Analysis: Executive action on immigration is perfectly legal

This image was removed due to legal reasons.

Following a resounding victory for Republicans during Tuesday’s midterm elections, President Obama announced he will forge ahead with his plan to act unilaterally on immigration.

As promised, his executive action will come “before the end of the year.” What he won’t do, he said, is “just wait.”

But House Speaker John Boehner, repeating a line from before the election, said Obama would “poison the well” by acting without the approval of Congress. Sen. Ted Cruz, for his part, warned of a “constitutional crisis” if Obama acts alone.


But how real is such a crisis?

If Congress’ record of seeking to impeach or sue Obama is any indication, the crisis is simply nonexistent.

The president has taken executive action before. In June 2012, the Obama administration created a deportation relief program for young people called Deferred Action for Childhood Arrivals (DACA). No viable legal challenges ever came from that move.

One quasi-challenge does stand out. Kris Kobach, the Kansas secretary of state, once represented a group of Immigration and Customs Enforcement officers in a suit against the program, but the case was ultimately dismissed on procedural grounds. It was never appealed.


Kobach’s lawsuit—like his work behind Arizona’s SB 1070 and other immigration laws across the United States—was especially engineered to bring down DACA on constitutional and federal law grounds, under the guise that the program somehow forced law-abiding immigration officers to violate their oath to uphold the laws of the United States.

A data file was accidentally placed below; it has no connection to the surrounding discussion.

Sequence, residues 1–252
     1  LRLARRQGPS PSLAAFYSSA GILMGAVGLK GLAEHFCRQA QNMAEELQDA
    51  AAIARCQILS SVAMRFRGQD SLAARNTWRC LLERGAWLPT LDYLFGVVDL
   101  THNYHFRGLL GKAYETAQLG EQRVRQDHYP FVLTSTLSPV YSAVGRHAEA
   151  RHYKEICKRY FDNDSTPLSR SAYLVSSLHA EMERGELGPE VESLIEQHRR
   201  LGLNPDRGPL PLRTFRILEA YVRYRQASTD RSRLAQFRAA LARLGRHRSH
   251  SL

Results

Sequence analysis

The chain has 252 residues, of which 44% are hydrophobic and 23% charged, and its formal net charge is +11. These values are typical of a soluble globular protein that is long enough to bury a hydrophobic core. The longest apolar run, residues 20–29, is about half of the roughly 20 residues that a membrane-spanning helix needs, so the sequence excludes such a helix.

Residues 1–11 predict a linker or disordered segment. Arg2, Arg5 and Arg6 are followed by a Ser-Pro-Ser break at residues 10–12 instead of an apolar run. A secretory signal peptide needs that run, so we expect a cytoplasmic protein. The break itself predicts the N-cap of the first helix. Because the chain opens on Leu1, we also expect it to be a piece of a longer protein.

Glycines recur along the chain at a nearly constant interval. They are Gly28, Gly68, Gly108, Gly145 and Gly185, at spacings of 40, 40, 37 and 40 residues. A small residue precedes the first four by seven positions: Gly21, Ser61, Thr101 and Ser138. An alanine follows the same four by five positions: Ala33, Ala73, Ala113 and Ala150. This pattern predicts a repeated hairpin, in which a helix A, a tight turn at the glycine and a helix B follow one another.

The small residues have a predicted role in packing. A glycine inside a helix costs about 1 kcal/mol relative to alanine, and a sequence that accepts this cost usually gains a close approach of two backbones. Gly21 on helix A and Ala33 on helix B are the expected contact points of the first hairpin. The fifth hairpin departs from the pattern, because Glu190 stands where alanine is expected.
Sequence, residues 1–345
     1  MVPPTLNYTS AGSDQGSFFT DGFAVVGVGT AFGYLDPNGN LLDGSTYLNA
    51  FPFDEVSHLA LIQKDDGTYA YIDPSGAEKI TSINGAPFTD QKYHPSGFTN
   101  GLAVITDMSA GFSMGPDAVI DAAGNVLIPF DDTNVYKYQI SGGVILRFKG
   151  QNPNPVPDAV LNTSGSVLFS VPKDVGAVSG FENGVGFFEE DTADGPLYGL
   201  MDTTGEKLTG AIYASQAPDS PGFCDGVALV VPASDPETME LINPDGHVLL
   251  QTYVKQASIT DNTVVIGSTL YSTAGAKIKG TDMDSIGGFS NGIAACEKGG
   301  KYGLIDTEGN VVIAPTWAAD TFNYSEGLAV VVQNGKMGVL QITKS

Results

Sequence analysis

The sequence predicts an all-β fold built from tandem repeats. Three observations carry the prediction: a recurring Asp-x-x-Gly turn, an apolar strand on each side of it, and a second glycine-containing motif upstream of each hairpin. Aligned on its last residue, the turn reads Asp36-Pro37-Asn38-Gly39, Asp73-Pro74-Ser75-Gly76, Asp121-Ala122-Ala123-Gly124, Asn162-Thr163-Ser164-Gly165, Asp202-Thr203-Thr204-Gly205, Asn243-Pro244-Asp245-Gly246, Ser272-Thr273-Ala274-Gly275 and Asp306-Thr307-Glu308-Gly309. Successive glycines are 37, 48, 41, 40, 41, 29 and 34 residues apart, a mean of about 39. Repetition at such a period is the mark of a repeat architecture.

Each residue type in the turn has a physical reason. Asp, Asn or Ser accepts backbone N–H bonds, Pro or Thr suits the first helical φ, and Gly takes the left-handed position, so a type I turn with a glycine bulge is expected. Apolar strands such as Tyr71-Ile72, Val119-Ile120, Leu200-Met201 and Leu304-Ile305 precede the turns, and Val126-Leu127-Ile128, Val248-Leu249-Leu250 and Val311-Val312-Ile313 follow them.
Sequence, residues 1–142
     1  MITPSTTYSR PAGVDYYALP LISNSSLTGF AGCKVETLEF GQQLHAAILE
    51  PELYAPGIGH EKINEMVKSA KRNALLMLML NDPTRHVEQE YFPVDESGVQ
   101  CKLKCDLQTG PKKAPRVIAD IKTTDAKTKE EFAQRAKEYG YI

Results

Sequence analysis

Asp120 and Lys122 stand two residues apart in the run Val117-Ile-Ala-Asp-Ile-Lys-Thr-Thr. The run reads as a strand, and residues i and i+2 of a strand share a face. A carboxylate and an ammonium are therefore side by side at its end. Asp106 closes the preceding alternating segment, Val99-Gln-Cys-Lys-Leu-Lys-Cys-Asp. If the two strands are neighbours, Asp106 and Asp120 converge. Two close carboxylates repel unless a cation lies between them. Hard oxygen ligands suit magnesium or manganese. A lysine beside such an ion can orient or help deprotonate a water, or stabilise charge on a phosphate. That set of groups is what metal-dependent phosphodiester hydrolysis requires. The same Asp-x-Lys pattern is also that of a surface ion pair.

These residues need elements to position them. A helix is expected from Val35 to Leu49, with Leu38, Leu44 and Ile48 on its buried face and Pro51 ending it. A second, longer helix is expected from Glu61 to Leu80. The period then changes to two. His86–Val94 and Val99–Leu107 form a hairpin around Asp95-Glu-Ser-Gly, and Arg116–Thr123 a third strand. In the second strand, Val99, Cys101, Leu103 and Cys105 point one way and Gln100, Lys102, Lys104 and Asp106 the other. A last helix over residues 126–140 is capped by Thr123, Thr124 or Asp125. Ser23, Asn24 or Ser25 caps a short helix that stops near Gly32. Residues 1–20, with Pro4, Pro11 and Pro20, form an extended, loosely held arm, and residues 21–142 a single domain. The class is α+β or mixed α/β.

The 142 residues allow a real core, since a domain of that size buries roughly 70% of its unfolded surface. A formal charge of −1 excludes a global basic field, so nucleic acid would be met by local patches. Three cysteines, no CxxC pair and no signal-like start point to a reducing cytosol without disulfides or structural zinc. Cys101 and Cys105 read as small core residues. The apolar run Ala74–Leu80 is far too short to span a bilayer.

A venerable argument, but it went nowhere in court.

This may explain why Boehner never bothered to sue Obama over DACA. Like his beleaguered lawsuit challenging the Obama administration over the implementation of the Affordable Care Act—which he hasn’t even filed—a separate DACA lawsuit probably would’ve failed big time in court.


It would’ve failed because courts do not like to entertain political questions. Political questions are those involving the elected branches—Congress and the president. And DACA, a program involving Obama’s broad discretion in enforcing immigration laws, has everything to do with Obama’s powers as the nation's top executive. But DACA is also related to Congress’ powers to pass immigration laws.

So who’s right and who’s wrong? That’s a dispute a federal judge would likely never settle, because a judge’s only task is to say what the law is—not to referee a power dispute between co-equal branches of government. That’s how separation of powers works.


And that’s precisely why Obama’s plan to use executive action on immigration—within the parameters of existing immigration law—poses no constitutional problems. So long as he acts in a manner consistent with his prosecutorial discretion to enforce or not enforce the laws, the courts won’t get involved.

Could the president unilaterally grant deportation relief to all undocumented immigrants and start issuing green cards? No, that would overstep his executive authority. But he's empowered to use the country's resources in the best way possible, which includes allowing people who aren't a threat to stay in the country.


Cristian A. Farias is a journalist and lawyer based in New York.

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